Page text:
Metal Electroplating

Metal electroplating have been applied over recent decades. Many application on using ofelectroplating process have been developed for many purposes like enhance the corrosion resistance, or for decorative purposes to make some metal have better appearance.

For other purposes the characteristic of electroplating often use because of electroplating is often also called as electro deposition. Electro deposition is the process of producing a coating, usually metallic, on a surface by the action of electric current. The deposition of a metallic coating onto an object is achieved by putting a negative charge into one electrode cell. The metal ion like salt carry a positive charge and are thus attracted to the object. This method often use on collecting metal from the solution that may be have high concentration. The result like to extract something from mixing solution then we can collect of just metal that dissolve in the solution.

Electroplating uses a form of electrolysis in which the electrodes play a bigger role than just conducting the current. Using electric current we can coat metal of one electrode with the metal of other. Jewelry and silverware can be silver, or gold plated, while zinc is often used to coat iron to protect against rust.

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The Electroplating Process and Trends

Electroplating, as used today, is the process through which a conductive object is coated with a layer of a different material to transfer properties of the new material to the surface of the object. The process, called electrodeposition, relies on electrical currents to coat the object, also known as the cathode, with positive cat-ions, transferred from the positively charge anode, (the other material). By using an electric charge to oxidize the anode, cat-ions with a positive charge are formed and then reduced at the cathode, thus depositing a coating of the anode’s material on the cathode.

Recent Electroplating Trends


 Although electroplating, as patented by the Elkingtons, spread quickly and successfully across Europe, the process remained relatively unchanged until the 1940s, when a surge in the electronics industry lead to the replacement of traditional cyanide solutions with safer acid baths, at least on the commercial level. The 1970s saw the development of safer water disposal regulations and continual hardware upgrades, which streamlined the process by enabling faster and more efficient electroplating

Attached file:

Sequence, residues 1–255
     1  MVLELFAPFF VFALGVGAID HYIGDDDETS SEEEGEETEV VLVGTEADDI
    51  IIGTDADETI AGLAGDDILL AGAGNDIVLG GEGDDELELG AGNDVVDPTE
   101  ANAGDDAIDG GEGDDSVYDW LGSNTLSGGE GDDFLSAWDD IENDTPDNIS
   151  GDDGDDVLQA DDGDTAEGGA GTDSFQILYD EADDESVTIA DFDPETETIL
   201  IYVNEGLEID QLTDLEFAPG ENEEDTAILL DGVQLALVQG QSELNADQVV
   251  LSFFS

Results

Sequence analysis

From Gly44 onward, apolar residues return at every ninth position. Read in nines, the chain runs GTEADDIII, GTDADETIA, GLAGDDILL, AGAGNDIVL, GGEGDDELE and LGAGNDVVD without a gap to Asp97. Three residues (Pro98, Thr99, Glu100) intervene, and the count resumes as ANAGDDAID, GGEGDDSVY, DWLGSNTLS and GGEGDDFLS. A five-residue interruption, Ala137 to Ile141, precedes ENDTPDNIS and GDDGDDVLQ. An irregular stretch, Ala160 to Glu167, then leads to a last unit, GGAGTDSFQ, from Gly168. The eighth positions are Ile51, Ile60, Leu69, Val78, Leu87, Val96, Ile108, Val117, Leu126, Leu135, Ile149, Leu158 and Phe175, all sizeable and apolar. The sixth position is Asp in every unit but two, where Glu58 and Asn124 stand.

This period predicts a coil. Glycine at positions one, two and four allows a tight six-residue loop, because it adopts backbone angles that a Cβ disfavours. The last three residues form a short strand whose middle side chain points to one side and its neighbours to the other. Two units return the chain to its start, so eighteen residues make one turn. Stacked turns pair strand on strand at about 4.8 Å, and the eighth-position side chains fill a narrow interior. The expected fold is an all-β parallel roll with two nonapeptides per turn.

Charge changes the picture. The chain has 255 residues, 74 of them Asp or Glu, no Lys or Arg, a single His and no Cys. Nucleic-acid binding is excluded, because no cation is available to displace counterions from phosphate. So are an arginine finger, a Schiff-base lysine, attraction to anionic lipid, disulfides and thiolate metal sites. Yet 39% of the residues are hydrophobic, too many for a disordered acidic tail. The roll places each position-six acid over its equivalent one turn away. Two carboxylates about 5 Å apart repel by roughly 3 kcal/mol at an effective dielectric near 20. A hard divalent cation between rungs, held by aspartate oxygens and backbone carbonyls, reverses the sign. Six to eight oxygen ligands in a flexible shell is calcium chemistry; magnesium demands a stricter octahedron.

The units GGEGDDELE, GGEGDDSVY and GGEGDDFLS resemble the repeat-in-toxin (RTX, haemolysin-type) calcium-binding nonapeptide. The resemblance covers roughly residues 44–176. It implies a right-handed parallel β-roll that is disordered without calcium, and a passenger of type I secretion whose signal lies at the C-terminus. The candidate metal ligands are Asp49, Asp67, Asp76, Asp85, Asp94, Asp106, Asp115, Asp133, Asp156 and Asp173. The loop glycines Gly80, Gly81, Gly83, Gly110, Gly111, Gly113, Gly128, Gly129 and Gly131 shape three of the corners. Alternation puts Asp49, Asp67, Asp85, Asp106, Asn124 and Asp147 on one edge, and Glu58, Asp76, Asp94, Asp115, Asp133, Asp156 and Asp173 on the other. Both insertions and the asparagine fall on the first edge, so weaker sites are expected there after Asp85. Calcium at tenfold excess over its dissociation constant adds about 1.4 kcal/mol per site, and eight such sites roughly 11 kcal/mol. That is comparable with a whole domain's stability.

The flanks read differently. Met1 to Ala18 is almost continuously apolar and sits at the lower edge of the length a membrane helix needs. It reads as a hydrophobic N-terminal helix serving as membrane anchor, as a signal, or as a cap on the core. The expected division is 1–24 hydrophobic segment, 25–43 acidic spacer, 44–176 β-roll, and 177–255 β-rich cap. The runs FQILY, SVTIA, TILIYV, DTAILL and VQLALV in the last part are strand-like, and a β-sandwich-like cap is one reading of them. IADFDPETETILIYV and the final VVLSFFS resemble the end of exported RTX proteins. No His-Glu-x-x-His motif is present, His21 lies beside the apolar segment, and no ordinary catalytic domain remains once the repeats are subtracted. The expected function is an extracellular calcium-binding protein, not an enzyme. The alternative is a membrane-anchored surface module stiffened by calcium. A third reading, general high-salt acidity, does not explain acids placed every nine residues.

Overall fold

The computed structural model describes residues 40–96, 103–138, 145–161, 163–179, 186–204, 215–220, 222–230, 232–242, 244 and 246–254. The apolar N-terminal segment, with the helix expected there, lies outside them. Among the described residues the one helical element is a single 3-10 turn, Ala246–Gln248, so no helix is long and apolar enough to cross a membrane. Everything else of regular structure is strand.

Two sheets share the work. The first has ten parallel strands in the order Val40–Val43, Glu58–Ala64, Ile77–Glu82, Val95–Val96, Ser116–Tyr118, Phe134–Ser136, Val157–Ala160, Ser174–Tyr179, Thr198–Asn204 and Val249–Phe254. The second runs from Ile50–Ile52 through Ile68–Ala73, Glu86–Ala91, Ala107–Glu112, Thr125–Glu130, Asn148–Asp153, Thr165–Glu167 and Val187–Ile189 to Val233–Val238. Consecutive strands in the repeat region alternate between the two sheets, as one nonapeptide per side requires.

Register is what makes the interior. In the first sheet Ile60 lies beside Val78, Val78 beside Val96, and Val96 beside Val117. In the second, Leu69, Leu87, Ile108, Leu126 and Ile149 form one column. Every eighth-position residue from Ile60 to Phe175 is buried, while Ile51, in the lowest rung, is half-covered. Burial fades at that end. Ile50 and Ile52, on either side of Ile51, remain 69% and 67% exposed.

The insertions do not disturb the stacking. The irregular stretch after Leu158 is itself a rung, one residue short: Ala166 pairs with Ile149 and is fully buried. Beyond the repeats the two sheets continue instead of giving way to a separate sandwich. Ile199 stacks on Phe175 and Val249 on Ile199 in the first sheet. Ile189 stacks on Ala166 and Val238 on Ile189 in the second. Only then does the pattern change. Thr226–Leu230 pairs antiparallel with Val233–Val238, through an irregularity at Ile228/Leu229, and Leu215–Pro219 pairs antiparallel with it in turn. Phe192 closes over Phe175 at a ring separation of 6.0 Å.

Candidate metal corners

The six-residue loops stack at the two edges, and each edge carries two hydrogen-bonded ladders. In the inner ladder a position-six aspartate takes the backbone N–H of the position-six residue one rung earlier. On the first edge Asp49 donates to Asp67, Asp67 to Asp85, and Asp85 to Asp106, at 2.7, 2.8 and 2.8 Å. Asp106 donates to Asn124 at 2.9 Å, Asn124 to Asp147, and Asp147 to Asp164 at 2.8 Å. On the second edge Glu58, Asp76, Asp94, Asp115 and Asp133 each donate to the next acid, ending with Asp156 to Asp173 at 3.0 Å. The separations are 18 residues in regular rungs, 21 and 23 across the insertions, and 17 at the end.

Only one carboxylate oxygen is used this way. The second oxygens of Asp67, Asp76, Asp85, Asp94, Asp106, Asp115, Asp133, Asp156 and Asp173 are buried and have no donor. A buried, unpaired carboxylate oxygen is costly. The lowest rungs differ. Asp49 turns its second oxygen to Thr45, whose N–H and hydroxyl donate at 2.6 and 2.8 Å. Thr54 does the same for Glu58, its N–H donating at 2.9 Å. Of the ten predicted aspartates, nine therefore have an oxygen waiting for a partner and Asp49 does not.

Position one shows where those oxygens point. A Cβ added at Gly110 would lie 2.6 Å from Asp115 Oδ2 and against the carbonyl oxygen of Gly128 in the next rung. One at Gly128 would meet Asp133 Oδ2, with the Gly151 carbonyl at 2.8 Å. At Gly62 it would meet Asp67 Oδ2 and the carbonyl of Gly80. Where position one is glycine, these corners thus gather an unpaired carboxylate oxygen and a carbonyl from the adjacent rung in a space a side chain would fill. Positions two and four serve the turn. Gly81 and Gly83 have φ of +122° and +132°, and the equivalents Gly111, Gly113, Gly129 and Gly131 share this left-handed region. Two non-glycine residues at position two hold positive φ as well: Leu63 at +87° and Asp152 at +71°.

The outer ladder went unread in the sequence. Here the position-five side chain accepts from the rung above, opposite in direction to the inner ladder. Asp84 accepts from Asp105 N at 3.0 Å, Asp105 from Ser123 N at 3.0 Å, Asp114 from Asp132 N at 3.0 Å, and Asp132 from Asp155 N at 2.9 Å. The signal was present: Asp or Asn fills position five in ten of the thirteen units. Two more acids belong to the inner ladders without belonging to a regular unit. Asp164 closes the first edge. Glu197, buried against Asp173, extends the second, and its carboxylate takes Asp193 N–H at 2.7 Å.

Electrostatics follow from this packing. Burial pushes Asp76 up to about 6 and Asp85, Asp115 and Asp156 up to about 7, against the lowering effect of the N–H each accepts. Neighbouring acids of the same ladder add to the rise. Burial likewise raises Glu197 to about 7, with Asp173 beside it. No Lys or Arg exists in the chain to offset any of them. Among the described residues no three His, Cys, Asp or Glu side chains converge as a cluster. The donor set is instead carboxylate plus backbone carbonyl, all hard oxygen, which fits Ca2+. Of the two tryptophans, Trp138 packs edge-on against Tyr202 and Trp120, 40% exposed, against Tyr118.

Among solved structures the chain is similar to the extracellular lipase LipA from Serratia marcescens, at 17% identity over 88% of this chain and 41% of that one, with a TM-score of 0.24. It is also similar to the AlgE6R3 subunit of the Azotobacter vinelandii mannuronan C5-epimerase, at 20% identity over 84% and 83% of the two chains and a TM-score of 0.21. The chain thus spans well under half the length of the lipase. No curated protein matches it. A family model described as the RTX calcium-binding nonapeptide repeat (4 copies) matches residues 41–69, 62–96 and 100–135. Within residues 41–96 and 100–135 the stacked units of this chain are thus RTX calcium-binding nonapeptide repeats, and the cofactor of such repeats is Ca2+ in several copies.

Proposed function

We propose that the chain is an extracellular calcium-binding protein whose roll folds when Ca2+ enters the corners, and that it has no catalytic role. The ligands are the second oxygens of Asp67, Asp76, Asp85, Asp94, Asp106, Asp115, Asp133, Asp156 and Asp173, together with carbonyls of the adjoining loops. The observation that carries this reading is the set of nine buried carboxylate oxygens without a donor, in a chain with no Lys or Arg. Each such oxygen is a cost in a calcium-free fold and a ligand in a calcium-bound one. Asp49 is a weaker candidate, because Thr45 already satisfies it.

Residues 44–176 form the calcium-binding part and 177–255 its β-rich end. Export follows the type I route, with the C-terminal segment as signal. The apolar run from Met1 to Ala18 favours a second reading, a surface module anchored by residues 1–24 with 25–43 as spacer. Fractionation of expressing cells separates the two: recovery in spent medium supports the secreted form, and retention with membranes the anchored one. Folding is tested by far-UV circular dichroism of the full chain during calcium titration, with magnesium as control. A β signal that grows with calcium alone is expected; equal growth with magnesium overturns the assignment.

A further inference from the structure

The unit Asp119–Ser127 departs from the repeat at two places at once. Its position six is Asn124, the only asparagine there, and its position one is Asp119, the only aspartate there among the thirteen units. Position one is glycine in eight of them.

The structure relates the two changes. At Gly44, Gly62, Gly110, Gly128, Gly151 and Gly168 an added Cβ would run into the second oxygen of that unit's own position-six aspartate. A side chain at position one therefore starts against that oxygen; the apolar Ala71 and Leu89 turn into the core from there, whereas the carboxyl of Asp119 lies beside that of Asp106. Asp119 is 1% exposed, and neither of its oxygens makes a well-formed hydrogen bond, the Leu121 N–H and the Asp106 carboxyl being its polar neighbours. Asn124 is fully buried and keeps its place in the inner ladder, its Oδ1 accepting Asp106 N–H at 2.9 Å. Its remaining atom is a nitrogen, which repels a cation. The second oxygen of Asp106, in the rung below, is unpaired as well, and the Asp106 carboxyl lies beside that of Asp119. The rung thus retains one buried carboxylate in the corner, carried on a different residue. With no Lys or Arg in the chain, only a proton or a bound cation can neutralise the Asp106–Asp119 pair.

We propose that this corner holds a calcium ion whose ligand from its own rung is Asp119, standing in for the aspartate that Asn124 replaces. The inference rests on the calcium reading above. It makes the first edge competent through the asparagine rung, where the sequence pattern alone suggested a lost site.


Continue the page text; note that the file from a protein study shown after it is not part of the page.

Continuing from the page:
Today, new chemical developments make it possible to electroplate a wide range of materials, including platinum and osmium. The electronics industry continues to rely on electroplating for products such as connectors and circuit boards, and as the telecommunication industry expands, so does its dependence on the process. In addition, waste-water recycling and attempts to minimize work-place chemical exposure are helping ensure that electroplating continues to be safe regardless of chemical changes and ongoing developments.



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Zinc Phosphating

Our zinc phosphating services strictly adhere to military standard specifications. Our job shop accommodates large zinc phosphating tanks, which yield smooth, uniform coatings on metal surfaces. Automotive, aerospace, military, and electronics industries use our zinc phosphating services extensively.

Zinc phosphate coatings are electrochemical conversion coatings used in applications that demand high corrosion resistance. We are equipped with two zinc phosphating tanks with depth of about 4/3/30 inches.

Zinc phosphating is generally conducted as a pre-treatment process over the surface of iron and steel parts prior to painting. They function as oil-based corrosion inhibitors. Low-porosity, fine-grained zinc phosphate coatings act as excellent paint bases and reduce paint consumption substantially. Light to medium, non-reflective gray finish with appealing appearance is obtained using our zinc phosphating services.

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What is Passivation?
In simplest terms, in order to protect against corrosion of stainless steels, we must remove free-iron ions and other potentially corrosive elements from the surface. In addition, the passivation process provides a thin, transparent oxide film that protects the stainless steel from further oxidation or corrosion.